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Bhringaraj: Secrets of Cultivating 'The King of Hair'

Learn how to grow Bhringaraj, a well-regarded herb known for its benefits in hair care and traditional medicine.

Shreetu Singh
Secrets of Cultivating “The King of Hair”: Bhringaraj, Image Source: Wikimedia Common
Secrets of Cultivating “The King of Hair”: Bhringaraj, Image Source: Wikimedia Common

Bhringaraj, scientifically known as Eclipta alba (L.), is a highly valued medicinal herb commonly known as false daisy or karisalankanni. Belonging to the Asteraceae family, this annual herbaceous plant is distributed widely across India, China, Thailand, and Brazil. It typically grows as a weed in waste places, marshy lands, hedges, and roadsides, thriving particularly well in tropical regions. In India, Bhringaraj is primarily found in the states of Assam, Bihar, Uttar Pradesh, and Manipur.

Medicinal Significance

  • Bhringaraj is renowned in Ayurvedic medicine, where it is a key ingredient in numerous herbal formulations. 

  • The herb is celebrated for its bitter, hot, sharp, and dry taste, making it effective in treating vitiated conditions of kapha and vata. 

  • It is considered the best remedy for liver disorders, including cirrhosis and hepatitis, and is a primary component in hepatoprotective formulations. Additionally, Bhringaraj is extensively used in hair care products like shampoos, conditioners, and revitalizing oils, earning it the title "The King of Hair." 

  • Its chemical composition, rich in alkaloids and flavonoids, underpins its diverse pharmacological properties.

Soil and Climate Requirements

  • Bhringaraj is a resilient crop that can grow in various soil types, though it prefers soils with high moisture content. 

  • Red loamy soils enriched with organic matter are ideal for its cultivation. 

  • The crop flourishes in tropical, subtropical, and temperate regions, with an optimal temperature range of 25-35°C promoting maximum growth and yield.

Propagation Techniques

Bhringaraj can be propagated either through seeds or stem cuttings. 

  • For seed propagation, use 400-500 grams per hectare. 

  • Vegetative propagation involves using terminal cuttings of 10-15 cm length with 5-6 nodes, planted in nursery beds or polythene bags. These cuttings establish roots within 4-6 weeks, after which they can be transplanted to the main field.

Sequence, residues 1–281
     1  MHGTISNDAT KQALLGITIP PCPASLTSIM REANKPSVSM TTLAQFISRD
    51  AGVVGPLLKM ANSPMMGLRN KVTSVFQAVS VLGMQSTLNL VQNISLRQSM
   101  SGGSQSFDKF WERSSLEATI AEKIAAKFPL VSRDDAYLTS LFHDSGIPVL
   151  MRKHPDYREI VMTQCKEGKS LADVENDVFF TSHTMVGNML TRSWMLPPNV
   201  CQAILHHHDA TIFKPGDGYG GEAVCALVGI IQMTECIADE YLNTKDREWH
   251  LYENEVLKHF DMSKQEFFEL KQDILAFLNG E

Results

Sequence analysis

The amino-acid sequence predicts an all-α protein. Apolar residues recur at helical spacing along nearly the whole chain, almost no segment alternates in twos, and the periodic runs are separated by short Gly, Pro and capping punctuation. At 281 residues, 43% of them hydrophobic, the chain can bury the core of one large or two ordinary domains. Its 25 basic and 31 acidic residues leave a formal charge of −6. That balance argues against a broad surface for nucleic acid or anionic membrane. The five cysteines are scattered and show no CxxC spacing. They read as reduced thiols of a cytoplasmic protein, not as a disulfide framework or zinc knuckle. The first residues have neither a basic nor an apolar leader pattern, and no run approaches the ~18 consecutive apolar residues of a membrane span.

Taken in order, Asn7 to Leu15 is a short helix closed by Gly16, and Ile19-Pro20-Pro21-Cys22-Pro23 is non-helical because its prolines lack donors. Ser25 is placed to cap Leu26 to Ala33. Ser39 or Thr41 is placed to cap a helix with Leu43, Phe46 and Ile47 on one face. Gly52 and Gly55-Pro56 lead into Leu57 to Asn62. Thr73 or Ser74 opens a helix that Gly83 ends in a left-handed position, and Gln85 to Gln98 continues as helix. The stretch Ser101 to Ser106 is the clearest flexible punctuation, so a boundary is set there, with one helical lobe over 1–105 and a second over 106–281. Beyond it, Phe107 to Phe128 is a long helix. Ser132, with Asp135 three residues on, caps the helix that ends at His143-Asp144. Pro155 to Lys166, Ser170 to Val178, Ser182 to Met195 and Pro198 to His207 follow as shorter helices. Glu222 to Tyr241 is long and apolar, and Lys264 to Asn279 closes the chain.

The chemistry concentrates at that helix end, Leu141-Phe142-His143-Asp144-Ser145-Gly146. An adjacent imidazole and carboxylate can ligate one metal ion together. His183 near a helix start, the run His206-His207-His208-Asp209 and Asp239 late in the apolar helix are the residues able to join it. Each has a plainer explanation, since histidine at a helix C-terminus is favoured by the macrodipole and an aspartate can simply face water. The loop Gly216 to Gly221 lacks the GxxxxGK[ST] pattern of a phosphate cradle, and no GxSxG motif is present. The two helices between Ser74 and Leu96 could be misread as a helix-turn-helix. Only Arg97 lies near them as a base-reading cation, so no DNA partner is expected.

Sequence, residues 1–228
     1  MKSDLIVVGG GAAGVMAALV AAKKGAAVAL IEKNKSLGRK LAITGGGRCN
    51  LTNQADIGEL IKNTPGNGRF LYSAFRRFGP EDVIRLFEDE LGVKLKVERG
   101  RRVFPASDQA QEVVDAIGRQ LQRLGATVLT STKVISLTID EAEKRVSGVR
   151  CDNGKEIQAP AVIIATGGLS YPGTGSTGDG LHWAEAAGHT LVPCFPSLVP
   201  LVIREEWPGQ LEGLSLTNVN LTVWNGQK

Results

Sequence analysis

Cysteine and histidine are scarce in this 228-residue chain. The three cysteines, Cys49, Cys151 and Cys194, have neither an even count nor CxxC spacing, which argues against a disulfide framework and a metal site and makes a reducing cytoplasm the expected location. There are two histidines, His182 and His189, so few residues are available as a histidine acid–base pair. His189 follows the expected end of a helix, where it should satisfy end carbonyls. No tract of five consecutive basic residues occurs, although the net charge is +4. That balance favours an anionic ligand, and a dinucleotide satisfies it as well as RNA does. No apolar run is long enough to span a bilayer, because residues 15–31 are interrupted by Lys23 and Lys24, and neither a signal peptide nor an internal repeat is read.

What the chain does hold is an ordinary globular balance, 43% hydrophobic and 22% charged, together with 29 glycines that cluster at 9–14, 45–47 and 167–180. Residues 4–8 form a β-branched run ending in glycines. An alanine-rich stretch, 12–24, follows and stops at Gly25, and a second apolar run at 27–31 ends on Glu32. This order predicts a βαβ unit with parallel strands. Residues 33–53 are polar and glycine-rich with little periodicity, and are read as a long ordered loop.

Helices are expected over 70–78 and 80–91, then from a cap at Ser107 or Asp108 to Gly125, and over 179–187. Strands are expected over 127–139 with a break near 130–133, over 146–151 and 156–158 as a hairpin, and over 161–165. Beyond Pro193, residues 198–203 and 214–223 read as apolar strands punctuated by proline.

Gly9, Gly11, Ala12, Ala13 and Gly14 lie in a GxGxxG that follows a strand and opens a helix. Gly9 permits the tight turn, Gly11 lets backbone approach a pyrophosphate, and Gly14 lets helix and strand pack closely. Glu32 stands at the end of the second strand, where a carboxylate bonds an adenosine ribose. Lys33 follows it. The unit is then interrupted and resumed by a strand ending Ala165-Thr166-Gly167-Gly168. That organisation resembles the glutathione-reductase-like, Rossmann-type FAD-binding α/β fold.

Cultivation Method

  • Proper land preparation is crucial for Bhringaraj cultivation. The field should be ploughed and harrowed multiple times to achieve a fine tilth. 

  • Ensuring the field is well-leveled and has efficient drainage systems is essential to prevent waterlogging, especially during the rainy season. 

  • Dividing the field into manageable sub-plots facilitates easier cultivation and maintenance.

  • The soil should be prepared to a depth of 30 cm and enriched with farmyard manure (FYM) at 2 kg/m². Fresh seeds have a germination rate of 75-85% and can be transplanted to the main field after 45-60 days.

  • Seeds should be sown in nursery beds of 1x3x0.15 meters in February-March or during the rainy season. 

  • Seedlings or rooted cuttings should be transplanted into the main field with a spacing of 20 x 20 cm. Light irrigation should be provided immediately after planting to ensure the plants establish well.

  • After transplanting, irrigate twice a week for the first month to ensure the plants establish well. Subsequently, water the plants weekly, depending on rainfall and soil moisture content. 

  • The first weeding should be done 30-35 days after transplanting, with subsequent weedings as necessary. After the first harvest, weeding helps control weed growth in the interspaces.

Manures and Fertilizers

  • Optimal growth and yield in Bhringaraj can be achieved by applying fertilizers at the rate of 30:40:20 NPK kg/ha and well-rotted farmyard manure at 15 t/ha.

  • Half the nitrogen and the full doses of phosphorus and potassium should be applied at transplanting, with the remaining nitrogen applied in two splits after the first and second cuttings.

Pest and Disease Management

Bhringaraj is generally resilient to pests. However, it may occasionally be affected by defoliating insects and diseases like yellowing, leaf blight, and gall formation. These can be effectively controlled by spraying 0.2% mancozeb.

Harvesting and Yield

  • Harvest Bhringaraj 90 days after transplanting by cutting the above-ground portion, leaving 10-12 cm for ratoon cropping. 

  • The harvested parts should be cleaned, shade-dried, packed in gunny bags, and stored in a cool, dry place to prevent fungal infections. 

  • The average fresh herbage yield is about 8 t/ha for the first cropping and 3 t/ha from the ratoon crop.

Economic Aspects

  • Bhringaraj can produce approximately 11-12 t/ha of fresh herbage annually. 

  • After drying, which reduces moisture content by 60%, the yield is about 6000 kg of dried herbage per hectare per year. 

  • The estimated cultivation cost is around Rs. 20,000 per hectare. 

  • With a prevailing selling price of Rs. 25/kg for dry herb, a gross return of Rs. 150,000 per hectare can be achieved, resulting in a net return of Rs. 130,000 per hectare.

(Source: K. Hima Bindu and M.R. Rohini, ICAR-Indian Institute of Horticultural Research, Banglore)

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